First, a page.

score:6

If you look at the type signature of `toIndexedSeq` on `List` you'll see it takes a type parameter `B`, which can be any supertype of `A`:

``````def toIndexedSeq [B >: A] : IndexedSeq[B]
``````

If you leave out that type parameter then the compiler essentially has to guess what you meant, taking the most specific type possible. You could have meant `List(3,2,1).toIndexedSeq[Any]`, which of course can't be sorted since there's no `Ordering[Any]`. It seems the compiler doesn't play "guess the type parameter" until the whole expression has been checked for correct typing (maybe someone who knows something about compiler internals can expand on this).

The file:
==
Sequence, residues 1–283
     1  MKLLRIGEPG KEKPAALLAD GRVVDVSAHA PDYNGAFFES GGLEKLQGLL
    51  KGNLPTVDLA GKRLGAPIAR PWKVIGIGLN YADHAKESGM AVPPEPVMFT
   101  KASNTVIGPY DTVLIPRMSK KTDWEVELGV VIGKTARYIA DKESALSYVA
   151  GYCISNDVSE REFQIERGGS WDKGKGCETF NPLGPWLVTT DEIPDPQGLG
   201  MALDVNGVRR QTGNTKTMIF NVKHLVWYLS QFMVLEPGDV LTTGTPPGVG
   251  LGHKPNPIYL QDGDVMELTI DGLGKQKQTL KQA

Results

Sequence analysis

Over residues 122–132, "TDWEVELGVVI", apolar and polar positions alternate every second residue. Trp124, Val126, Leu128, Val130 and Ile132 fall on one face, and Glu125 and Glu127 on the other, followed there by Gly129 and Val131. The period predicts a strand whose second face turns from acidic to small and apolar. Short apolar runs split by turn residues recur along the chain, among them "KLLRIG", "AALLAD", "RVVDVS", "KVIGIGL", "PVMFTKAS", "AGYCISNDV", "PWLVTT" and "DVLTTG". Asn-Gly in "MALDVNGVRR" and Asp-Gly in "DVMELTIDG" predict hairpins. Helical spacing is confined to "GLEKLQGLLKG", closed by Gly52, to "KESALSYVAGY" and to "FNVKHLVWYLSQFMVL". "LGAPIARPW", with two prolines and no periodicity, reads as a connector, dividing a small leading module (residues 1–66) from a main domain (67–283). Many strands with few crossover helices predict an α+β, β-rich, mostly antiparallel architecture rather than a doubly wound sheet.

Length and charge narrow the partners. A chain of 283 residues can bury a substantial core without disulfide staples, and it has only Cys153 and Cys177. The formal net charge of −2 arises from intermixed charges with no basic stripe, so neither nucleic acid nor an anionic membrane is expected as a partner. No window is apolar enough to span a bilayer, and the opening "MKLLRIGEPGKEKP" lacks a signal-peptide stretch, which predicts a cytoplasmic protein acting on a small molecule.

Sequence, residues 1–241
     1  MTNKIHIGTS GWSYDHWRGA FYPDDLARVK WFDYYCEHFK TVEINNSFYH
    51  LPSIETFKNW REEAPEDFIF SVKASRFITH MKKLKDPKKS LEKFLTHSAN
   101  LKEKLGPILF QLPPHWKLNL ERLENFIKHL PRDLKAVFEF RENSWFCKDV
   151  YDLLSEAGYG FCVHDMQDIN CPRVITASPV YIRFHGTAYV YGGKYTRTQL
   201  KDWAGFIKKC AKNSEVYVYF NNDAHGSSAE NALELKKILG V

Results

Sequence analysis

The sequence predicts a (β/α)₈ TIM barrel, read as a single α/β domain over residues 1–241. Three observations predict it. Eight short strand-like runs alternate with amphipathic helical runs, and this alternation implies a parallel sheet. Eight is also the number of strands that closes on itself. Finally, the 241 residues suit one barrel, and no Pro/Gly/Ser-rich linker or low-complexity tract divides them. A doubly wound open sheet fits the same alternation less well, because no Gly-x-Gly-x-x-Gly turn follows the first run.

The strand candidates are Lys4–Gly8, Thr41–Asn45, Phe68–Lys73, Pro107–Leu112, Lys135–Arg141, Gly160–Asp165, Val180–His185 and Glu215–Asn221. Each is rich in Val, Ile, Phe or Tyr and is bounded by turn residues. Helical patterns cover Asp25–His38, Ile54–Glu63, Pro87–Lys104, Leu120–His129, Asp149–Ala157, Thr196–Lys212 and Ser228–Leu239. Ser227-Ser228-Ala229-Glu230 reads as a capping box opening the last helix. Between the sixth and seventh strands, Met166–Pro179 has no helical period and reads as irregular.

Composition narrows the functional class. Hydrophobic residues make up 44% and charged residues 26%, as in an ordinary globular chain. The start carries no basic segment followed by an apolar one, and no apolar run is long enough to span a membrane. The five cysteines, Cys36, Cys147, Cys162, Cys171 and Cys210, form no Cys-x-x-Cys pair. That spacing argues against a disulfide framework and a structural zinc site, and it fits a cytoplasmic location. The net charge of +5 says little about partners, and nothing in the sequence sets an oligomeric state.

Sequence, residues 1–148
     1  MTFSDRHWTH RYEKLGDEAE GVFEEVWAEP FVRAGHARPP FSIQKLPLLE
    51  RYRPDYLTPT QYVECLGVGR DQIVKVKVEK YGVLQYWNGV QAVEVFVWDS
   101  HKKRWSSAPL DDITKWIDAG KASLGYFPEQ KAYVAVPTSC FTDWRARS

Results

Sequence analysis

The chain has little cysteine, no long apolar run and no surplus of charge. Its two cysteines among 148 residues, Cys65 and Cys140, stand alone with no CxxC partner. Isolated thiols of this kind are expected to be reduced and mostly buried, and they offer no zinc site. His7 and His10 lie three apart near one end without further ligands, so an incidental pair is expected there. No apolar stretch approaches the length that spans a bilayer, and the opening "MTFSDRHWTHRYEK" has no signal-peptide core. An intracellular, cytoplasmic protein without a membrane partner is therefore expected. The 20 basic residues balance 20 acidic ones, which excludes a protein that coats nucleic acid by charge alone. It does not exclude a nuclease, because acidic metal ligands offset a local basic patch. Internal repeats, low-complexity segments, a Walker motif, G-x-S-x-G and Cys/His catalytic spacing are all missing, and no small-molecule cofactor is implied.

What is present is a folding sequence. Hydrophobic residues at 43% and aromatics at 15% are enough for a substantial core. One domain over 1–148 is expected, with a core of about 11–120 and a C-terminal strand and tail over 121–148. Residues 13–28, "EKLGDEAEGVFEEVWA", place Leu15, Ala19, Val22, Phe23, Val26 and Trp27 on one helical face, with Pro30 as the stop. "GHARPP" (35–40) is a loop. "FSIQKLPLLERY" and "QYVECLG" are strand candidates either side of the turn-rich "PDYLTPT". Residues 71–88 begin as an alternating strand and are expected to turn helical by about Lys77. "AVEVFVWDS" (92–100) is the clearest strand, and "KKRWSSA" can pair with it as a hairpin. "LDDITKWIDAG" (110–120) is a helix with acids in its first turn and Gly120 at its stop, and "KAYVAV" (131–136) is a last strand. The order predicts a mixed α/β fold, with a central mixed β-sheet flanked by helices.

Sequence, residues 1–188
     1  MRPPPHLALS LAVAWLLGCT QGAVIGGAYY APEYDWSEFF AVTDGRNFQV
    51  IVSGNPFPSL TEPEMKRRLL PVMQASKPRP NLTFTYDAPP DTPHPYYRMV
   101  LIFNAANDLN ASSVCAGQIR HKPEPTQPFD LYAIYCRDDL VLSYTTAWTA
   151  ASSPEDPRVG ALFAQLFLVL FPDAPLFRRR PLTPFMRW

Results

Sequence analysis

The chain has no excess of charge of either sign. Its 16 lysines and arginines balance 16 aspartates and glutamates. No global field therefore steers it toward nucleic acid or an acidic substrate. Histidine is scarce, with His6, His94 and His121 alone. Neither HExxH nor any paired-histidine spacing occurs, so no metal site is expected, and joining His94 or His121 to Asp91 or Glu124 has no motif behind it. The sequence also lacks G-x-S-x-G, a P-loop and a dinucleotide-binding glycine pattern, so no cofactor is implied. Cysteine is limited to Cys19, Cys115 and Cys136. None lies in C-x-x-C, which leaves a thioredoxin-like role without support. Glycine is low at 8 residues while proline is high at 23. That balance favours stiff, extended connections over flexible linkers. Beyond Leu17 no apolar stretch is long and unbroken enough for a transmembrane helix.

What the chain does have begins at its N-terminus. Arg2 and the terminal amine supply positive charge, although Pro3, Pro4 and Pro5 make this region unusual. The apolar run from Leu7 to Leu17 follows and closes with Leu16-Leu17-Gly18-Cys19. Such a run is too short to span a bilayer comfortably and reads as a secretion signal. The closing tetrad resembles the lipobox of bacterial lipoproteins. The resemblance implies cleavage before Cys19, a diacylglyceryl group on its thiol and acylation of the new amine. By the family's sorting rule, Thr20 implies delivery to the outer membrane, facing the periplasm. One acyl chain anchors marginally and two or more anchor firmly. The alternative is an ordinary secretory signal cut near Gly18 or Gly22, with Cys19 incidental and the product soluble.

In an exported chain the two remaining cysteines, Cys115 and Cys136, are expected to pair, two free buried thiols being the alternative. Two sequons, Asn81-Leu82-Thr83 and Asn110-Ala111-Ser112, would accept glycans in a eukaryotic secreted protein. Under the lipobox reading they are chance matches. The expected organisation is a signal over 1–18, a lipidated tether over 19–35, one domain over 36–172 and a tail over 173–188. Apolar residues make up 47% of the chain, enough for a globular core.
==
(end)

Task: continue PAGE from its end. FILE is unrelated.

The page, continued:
To make it work you can either a) provide the required type parameter yourself i.e.

``````List(3,2,1).toIndexedSeq[Int].sortBy(x=>x)
``````

or b) separate the expression into two so that the type parameter has to be inferred before calling `sortBy`:

``````val lst = List(3,2,1).toIndexedSeq; lst.sortBy(x=>x)
``````

Edit:

It's probably because `sortBy` takes a `Function1` argument. The signature of `sortBy` is

``````def sortBy [B] (f: (A) => B)(implicit ord: Ordering[B]): IndexedSeq[A]
``````

whereas `sorted` (which you should use instead!) works fine with `List(3,2,1).toIndexedSeq.sorted`

``````def sorted [B >: A] (implicit ord: Ordering[B]): IndexedSeq[A]
``````

I'm not sure exactly why `Function1` causes this problem and I'm going to bed so can't think about it further...